Harnessing Dynamic Knowledge Principles in the Technology-Driven World

Harnessing Dynamic Knowledge Principles in the Technology-Driven World

Mark Nissen (Royal Oaks, USA)
Indexed In: SCOPUS
Release Date: November, 2013|Copyright: © 2014 |Pages: 291
ISBN13: 9781466647275|ISBN10: 1466647272|EISBN13: 9781466647282|DOI: 10.4018/978-1-4666-4727-5


In a technology-driven world, it is essential that enterprises develop reliable and rapid flows of knowledge to distribute evenly across organizations, time and place, and individuals in order to sustain a competitive advantage. However, most leaders and managers are unacquainted with effective knowledge flow practices.

Harnessing Dynamic Knowledge Principles in the Technology-Driven World provides actionable principles of Knowledge Flow Theory to identify and solve problems for implementing these principles into practice. With emerging developments and widespread applicability, this book is a practical guide for scholars, business managers, and enterprise leaders and managers interested in understanding the dynamics of knowledge flows for competitive advantage in a technology-driven world.

Topics Covered

The many academic areas covered in this publication include, but are not limited to:

  • Application Cases
  • Emerging Knowledge Phenomena
  • Knowing Learning & Assessment
  • Knowledge flow
  • Knowledge Technology
  • Leadership & Management Implications
  • Virtual Worlds Knowledge

Table of Contents and List of Contributors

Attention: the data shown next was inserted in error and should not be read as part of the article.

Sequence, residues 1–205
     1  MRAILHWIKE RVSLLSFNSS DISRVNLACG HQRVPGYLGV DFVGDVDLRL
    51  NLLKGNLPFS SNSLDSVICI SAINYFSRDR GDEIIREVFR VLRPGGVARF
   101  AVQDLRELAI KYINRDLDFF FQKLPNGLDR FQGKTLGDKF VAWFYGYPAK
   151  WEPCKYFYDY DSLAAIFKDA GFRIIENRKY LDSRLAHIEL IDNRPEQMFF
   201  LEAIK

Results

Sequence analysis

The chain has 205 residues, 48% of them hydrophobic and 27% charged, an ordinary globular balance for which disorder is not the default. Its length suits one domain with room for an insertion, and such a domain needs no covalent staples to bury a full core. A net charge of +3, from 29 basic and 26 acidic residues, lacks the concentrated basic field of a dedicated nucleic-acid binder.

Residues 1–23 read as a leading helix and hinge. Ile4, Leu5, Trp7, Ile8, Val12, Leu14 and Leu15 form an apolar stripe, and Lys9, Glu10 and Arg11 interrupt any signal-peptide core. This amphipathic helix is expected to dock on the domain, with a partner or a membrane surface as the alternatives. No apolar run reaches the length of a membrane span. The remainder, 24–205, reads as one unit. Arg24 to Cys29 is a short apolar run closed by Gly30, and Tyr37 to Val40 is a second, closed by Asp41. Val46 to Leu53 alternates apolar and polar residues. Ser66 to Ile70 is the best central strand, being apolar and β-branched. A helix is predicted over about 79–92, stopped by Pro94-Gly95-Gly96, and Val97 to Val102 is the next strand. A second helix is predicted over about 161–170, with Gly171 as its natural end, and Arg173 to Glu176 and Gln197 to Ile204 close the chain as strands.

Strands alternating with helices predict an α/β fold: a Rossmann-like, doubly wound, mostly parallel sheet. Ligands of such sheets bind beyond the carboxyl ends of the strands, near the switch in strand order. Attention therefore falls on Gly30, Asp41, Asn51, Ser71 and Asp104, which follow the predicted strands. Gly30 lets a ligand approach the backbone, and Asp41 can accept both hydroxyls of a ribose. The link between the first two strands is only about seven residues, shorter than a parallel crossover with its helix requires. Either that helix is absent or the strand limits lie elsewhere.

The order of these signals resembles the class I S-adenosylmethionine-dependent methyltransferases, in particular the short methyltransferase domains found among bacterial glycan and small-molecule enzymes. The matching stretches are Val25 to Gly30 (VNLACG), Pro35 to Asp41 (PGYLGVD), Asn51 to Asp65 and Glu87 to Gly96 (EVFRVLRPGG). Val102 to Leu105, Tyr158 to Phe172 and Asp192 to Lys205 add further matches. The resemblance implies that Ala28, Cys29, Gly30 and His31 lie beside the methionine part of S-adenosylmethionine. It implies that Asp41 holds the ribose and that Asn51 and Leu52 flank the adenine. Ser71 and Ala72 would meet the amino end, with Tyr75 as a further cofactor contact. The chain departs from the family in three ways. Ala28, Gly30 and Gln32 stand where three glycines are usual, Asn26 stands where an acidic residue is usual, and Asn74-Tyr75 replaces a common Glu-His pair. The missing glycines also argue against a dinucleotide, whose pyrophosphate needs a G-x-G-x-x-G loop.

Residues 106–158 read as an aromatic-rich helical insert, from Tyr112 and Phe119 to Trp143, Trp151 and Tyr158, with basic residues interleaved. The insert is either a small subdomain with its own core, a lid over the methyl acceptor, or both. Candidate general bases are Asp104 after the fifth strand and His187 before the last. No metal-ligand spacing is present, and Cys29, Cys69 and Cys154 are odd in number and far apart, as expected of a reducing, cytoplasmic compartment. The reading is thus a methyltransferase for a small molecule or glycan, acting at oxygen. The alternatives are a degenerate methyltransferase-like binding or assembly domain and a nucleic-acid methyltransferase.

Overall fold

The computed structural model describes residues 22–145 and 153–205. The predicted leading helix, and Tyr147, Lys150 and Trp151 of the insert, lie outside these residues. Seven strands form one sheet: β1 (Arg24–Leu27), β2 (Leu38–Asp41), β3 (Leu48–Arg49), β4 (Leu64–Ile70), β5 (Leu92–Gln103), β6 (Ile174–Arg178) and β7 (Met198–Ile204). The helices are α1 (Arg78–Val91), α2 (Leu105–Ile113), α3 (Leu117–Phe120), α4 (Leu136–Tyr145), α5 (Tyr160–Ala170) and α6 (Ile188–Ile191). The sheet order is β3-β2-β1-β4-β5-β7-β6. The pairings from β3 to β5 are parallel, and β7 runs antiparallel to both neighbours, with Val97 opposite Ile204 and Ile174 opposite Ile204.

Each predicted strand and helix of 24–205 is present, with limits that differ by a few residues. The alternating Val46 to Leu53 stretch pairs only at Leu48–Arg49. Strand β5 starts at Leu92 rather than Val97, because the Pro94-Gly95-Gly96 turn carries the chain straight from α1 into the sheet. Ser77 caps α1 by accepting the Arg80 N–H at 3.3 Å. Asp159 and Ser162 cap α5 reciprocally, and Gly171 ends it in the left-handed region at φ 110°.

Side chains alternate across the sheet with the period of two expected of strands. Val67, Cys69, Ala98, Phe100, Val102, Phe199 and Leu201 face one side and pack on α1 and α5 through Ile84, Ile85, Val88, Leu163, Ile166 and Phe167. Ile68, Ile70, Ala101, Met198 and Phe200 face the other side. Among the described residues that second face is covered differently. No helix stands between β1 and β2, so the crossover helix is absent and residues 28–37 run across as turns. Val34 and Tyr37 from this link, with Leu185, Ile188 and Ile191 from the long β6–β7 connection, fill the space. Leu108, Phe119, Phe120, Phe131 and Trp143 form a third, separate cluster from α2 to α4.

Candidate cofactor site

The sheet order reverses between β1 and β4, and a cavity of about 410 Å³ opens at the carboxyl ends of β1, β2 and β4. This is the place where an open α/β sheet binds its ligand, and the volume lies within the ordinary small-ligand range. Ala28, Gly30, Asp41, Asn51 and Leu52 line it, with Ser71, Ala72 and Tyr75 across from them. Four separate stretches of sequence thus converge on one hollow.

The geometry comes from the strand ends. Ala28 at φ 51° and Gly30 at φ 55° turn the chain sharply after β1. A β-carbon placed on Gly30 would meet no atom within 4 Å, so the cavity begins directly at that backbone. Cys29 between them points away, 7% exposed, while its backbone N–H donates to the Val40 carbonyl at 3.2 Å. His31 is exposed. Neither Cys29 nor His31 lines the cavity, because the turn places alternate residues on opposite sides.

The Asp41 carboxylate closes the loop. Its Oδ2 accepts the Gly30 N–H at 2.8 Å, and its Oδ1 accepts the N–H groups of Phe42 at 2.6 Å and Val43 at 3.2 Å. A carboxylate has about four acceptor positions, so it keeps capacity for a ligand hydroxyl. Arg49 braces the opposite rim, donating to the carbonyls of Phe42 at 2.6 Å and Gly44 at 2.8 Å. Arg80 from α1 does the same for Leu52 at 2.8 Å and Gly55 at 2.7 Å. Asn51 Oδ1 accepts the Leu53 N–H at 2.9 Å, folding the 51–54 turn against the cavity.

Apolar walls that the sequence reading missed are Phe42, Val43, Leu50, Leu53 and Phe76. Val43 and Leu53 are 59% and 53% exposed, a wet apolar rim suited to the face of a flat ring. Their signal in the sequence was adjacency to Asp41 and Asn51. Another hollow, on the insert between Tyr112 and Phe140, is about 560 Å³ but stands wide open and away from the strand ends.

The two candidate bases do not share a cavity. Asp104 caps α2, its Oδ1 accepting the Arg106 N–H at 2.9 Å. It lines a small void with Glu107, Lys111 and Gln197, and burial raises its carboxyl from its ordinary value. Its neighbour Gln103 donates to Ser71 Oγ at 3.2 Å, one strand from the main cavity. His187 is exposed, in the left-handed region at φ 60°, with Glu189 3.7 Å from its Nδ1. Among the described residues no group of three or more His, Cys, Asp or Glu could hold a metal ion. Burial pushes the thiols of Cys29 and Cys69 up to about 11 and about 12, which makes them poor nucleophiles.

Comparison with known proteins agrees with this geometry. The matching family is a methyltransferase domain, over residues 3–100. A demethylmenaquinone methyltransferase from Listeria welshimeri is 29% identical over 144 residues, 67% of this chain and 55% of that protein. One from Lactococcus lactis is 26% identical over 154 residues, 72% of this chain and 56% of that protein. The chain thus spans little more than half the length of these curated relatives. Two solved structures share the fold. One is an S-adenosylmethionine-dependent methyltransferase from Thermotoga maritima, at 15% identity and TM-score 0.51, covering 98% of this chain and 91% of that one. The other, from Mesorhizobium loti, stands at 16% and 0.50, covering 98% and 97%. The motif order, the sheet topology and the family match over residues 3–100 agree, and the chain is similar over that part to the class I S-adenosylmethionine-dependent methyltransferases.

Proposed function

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Author(s)/Editor(s) Biography

Mark Nissen is Professor of Information Science and Management, and Edge Center Director, at the Naval Postgraduate School. His research focuses on dynamic knowing and organizing. He views work, technology, organization and people as an integrated design problem, and he’s concentrated for some time on the disparate dynamics of tacit and explicit knowledge flows, looking in particular at their measurement and at (re)designing organizations that balance stability with maneuverability. Mark’s 150+ publications span information systems, project management, organization studies, knowledge management and related fields. In 2000 he received the Menneken Faculty Award for Excellence in Scientific Research, the top research award available to faculty at the Naval Postgraduate School. In 2001 he received a prestigious Young Investigator Grant Award from the Office of Naval Research for work on Knowledge Flow Theory. In 2002 – 2003 he was Visiting Professor at Stanford, integrating Knowledge Flow Theory into agent-based tools for computational modeling and experimentation.